) ENGINE = INNODB, CHARSET = UTF8;

Very similar to our other table, except that we have the URL as an integer here as this will ultimately form as a foreign key to the urls table that we earlier made.

You might at some point want to log what system or method your links were created through – this could be the API or a web interface. Ultimately you could add an extra column to the database called method which would be an integer, with 1 being web and 2 being API – we won’t be doing that currently.

The URL Class

Now that we have the database set up as we want we’re going to go ahead and create one file called Urls.class.php – this will handle everything that we need, instantiate a database connection, create a URL, check a URL exists etc.

Constructor

We only want to instantiate the database connection once so we’ll assign an instance of the MySQLi object to a private static variable called _connection.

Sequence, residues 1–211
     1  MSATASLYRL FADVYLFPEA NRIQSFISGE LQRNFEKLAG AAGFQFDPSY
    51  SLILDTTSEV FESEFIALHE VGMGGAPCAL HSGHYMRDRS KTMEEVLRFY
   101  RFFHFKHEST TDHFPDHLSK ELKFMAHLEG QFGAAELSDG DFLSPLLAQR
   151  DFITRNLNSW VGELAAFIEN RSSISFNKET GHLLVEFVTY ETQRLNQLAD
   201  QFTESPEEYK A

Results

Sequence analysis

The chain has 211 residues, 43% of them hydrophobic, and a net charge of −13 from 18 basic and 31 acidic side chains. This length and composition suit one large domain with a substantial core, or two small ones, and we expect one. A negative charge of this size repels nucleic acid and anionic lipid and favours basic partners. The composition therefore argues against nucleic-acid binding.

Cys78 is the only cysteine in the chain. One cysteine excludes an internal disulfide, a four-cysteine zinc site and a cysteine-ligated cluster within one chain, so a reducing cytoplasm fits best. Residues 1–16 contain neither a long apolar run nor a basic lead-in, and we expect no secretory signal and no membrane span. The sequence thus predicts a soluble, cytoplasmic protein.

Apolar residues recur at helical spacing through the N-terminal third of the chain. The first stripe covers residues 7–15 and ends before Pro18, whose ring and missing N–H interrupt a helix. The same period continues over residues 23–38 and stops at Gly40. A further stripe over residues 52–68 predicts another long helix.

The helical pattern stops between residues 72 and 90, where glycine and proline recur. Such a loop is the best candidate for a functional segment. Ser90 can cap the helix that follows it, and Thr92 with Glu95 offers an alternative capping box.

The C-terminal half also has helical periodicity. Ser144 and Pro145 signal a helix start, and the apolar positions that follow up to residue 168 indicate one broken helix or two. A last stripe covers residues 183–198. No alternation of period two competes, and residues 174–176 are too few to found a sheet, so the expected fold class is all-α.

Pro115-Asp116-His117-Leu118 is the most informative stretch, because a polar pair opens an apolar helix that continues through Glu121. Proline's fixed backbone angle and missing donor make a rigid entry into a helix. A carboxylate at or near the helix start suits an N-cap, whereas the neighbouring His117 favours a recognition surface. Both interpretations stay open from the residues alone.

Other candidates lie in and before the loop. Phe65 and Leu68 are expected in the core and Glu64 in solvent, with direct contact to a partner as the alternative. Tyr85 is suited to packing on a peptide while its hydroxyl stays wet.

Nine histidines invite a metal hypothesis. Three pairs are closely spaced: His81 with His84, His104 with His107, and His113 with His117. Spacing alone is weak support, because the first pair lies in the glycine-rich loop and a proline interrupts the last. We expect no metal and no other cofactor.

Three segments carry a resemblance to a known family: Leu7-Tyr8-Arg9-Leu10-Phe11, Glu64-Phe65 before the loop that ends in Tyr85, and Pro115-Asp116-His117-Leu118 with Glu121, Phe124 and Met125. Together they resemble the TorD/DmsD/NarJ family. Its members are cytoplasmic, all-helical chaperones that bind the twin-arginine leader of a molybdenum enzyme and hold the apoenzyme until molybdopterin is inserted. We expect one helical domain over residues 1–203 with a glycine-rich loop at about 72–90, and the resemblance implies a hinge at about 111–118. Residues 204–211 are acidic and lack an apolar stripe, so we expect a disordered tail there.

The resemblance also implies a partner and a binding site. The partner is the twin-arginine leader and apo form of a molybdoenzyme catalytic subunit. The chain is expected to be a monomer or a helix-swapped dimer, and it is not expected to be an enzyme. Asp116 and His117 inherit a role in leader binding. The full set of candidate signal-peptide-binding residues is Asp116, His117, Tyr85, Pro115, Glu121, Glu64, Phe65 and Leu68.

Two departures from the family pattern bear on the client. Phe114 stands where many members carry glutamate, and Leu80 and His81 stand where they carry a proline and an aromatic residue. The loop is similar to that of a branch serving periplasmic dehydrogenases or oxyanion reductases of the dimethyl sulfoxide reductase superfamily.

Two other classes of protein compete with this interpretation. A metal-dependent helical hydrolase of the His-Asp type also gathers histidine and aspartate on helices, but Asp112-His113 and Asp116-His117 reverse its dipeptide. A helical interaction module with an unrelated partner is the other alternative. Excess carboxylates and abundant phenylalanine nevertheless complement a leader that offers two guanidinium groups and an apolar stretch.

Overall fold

if(is_null(self::$_connection)){
    self::$_connection = new mysqli('localhost', 'root', 'root', 'personal');
}

Also, you need to ensure that you’re storing the user’s IP at some point so that you can put it into the database, for this we will be using the value that is stored in the global array $_SERVER, using index REMOTE_ADDR.

Adding a URL

Adding a URL is as simple as running an INSERT query on the url table that we created earlier. We’ll be passing through a parameter called $link to the variable which will be the URL that we should store.